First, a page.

A bolt from the black...

Even Black Bolt’s final recourse – an unthinkable weapon of untold destruction – recalls various rumours about Israel’s nuclear programme and the unsettling impact that the country’s possible possession of an ultimate weapon has upon its neighbours, as well as the sheer weight of the knowledge that such a weapon may have to be used as a measure of last resort at some point. Abnett and Lanning make the story seem relevant to the modern world in a way that Secret Invasion just couldn’t.

While the past few years have taught us to fear the possibility that unspeakably evil individuals could disguise themselves as our neighbours or our colleagues, somehow Secret Invasion was unable to make a particularly deep or interesting analysis using the metaphor of an invasion of shapeshifters – particularly those with a theological motivation. In contrast, without expressly exploring the religious aspect of things, War of Kings is the story of past political decisions coming back to haunt current governments – the impact of various policies and protocols initiated by individuals long since departed that have led to the preset state of conflict. The sequel, Realm of Kings, explores the notion of victors “losing the peace”, so to speak, and the further consequences of past actions, but Abnett and Lanning manage to make the current story seem particularly pointed, without ever seeming especially forced or heavy-handed.

Vulcan had to deal with some criticism from some talking heads...

The hardcover collecting the event is fairly massive, collecting the prologue, the six-issue miniseries, the War of Kings: Ascension and War of Kings: Darkhawk spin-off miniseries and the on-line War of Kings: Warriors issues along with a whole selection of goodies. It’s great to have these issues collected in one place, and it’s nice that it doesn’t feel like Marvel is copping out – the cosmic crossover hardcovers don’t just collect the events themselves, but all the assorted secondary materials. Literally the only thing missing are the Guardians of the Galaxy and Nova tie-ins, although either (or both) series would do well to be consistently collected in oversized hardcover.

At times, the Darkhawk miniseries feels like a rather conscious attempt to launch another on-going series, when I suspect the market wasn’t really there for two on-going Marvel cosmic titles, let alone a third. I have to confess that, before picking up this hardcover, I had no notion of the character of Darkhawk, but I do get the sense that the writers are making some pretty big changes to the character’s status quo. The supplementary material includes a quote from Robert Kirkman describing Darkhawk as “the Spider-Man of the 90’s”, but here he’s given a backstory not too dissimilar to DC’s Green Lantern or Marvel’s Nova.

The hawks are circling...

The twist in the tale, however, is a kicker. “We’re the bad guys?” Chris asks astonished, after being fooled into believing he was being inducted into some galactic peacekeeping order. It’s a fun twist on the classic “chosen one of many” gimmick, merging it a little bit with the classic sci-fi concept of parasitic possession, and it certainly puts a different twist on the character from what came before. Without sounding too defensive or judgemental, if the previous set-up had been working, there would be no need to rework the character – and I’m glad that Abnett and Lanning took the time to do so.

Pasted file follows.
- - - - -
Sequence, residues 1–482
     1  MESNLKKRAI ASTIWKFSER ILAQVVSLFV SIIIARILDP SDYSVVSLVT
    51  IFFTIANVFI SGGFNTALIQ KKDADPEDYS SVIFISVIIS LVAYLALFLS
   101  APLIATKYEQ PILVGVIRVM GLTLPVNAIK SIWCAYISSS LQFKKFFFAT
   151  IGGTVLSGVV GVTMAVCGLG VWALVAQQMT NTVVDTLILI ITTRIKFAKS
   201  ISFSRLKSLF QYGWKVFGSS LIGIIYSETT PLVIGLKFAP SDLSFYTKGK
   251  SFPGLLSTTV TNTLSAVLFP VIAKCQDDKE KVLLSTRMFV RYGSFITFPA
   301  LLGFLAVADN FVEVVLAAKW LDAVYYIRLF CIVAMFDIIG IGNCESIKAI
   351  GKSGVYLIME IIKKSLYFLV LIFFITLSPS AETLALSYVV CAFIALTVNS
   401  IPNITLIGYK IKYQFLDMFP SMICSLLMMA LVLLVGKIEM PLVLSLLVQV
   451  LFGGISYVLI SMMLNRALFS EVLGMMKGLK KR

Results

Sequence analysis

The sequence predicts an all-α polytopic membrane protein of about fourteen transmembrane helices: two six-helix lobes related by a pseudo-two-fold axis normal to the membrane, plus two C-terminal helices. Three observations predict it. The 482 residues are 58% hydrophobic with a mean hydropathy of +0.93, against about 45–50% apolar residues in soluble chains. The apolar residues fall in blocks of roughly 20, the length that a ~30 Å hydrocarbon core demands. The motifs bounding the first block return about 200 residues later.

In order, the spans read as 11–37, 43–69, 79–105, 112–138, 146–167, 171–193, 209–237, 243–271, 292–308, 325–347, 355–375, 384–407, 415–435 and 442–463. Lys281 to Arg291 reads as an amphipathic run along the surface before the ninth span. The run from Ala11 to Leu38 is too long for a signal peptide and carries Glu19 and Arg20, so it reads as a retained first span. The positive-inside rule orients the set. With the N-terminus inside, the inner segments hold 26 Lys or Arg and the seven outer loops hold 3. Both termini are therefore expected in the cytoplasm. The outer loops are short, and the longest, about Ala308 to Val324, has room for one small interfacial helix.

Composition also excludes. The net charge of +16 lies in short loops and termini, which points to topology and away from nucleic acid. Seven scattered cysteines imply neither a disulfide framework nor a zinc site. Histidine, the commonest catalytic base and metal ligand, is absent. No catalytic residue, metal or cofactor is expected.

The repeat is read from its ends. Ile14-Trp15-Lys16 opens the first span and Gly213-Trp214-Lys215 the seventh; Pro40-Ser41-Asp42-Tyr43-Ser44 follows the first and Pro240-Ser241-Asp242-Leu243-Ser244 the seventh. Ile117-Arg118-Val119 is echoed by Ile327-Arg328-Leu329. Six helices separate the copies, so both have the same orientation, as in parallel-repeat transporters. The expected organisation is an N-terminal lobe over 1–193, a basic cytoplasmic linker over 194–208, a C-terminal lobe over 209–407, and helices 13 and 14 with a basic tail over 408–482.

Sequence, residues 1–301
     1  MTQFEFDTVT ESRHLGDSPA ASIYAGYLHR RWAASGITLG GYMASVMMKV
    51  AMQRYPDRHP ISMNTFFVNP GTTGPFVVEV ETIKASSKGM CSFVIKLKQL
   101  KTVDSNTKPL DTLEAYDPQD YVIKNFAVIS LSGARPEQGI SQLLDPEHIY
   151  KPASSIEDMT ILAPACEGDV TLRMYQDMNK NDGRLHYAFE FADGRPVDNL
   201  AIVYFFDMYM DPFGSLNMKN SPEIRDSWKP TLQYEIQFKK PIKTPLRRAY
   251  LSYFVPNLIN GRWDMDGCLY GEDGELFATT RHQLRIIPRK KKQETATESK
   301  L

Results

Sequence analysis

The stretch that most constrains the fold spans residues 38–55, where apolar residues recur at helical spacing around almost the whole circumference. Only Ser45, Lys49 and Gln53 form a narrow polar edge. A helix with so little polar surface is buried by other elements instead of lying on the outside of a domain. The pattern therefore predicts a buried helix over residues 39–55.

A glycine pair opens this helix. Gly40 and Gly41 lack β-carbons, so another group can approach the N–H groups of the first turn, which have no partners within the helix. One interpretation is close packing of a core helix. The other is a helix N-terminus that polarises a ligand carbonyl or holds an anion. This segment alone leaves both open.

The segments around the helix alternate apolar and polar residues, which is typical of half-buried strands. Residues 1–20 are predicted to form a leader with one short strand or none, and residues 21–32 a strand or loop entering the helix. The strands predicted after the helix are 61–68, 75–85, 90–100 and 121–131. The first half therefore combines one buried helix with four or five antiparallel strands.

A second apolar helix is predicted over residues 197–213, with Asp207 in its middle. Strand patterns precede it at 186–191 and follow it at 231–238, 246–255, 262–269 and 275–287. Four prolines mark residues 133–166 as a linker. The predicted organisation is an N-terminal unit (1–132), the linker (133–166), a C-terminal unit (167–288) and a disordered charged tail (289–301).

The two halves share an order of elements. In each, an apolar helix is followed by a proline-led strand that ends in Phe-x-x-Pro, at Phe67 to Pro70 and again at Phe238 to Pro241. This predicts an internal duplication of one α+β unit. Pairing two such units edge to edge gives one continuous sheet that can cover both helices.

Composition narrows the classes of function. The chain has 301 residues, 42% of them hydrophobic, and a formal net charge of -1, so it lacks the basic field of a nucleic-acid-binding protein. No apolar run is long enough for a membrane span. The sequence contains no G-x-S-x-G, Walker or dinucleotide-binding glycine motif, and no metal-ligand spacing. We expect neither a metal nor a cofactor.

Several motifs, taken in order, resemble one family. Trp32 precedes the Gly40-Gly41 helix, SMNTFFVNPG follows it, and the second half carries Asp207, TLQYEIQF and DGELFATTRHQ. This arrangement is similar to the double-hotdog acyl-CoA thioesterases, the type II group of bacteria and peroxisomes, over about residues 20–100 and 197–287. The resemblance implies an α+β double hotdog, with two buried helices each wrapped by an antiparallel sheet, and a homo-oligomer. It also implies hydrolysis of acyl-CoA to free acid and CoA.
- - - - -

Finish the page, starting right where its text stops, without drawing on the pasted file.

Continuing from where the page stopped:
The Ascension miniseries cuts in and out of the main narrative, most of time in very clever ways. When I read the War of Kings miniseries and then read the Ascension miniseries, the scenes actually worked quite well together – I got the idea that I was receiving an extended and textured narrative. It all fits together surprisingly well, despite the fact that any person just reading the two Darkhawk issues would have a tough time relating them to the main plot.

Ronan could chair some meetings for them...

My only possible complaint – and it is a very minor one – is that none of the lead-in material is included. So there’s relatively little set-up involved before the event kicks off. Even a second hardcover featuring prologue material setting up the two key camps – the Inhumans in Secret Invasion: Inhumans and the Shi’ar in X-Men: Emperor Vulcan – would have been nice, as the early cosmic crossovers (particularly Annihilation) have been effectively self-contained, while this draws on disconnected narrative strands. However, this is a minor complaint.

I say that this is a minor complaint because Dan Abnett and Andy Lanning don’t assume that the reader has read every Chris Claremont X-Men issue or every Fantastic Four issue. When they introduce characters to the plot, they don’t assume the audience is familiar with them – we are given an effective definition of character and status quo. It’s an efficient means of storytelling, and it helps that the Warriors issues do provide insights into particular characters. This has a big advantage over stories like The Rise and the Fall of the Shi’ar Empire because it makes sure the audience is familiar with the characters before it puts them in mortal peril.

Is he Glad it's over?

War of Kings is a success, definitely one of the better crossovers Marvel has produced in the last number of years, along any branch of continuity. It is epic in scale, and yet charming and engaging. It is tragic, but never self-important. It is complex, but accessible. Like Annihilation before it, it sets an example that most other of these events would do well to follow.

You might be interested in our reviews and discussions of this cycle of Marvel cosmic events:

3 Responses

  1. This is also getting re-released next August for the upcoming ‘Guardians of the Galaxy’ film. I guess it’s a good time to take the opportunity and discover these great stories for myself.

    • I really did like the cosmic events cycle. Wonderfully constructed, and I think it benefited from a consistent artistic vision.

      • I’ll definitely take you word for it (until I read it all myself, at least). Thankfully the cosmic story cycle is gaining a new audience by way of the appearances of the Guardians of the Galaxy on ‘Avengers Earth’s Mightiest Heroes’ and ‘Ultimate Spider-Man’, and their upcoming film. Marvel is wise enough to take the opportunity to bring in these new fans by re-releasing the cycle (hopefully everything will get re-released).

        James Gunn has also come out as a fan of Abnett and Lanning’s work, inviting them to visit the UK set (http://splashpage.mtv.com/2013/08/06/guardians-of-the-galaxy-creators-uk-set/). It’s great to see such good work get the recognition it undoubtedly deserves, and it’s a good time for this recognition to spread among the general public.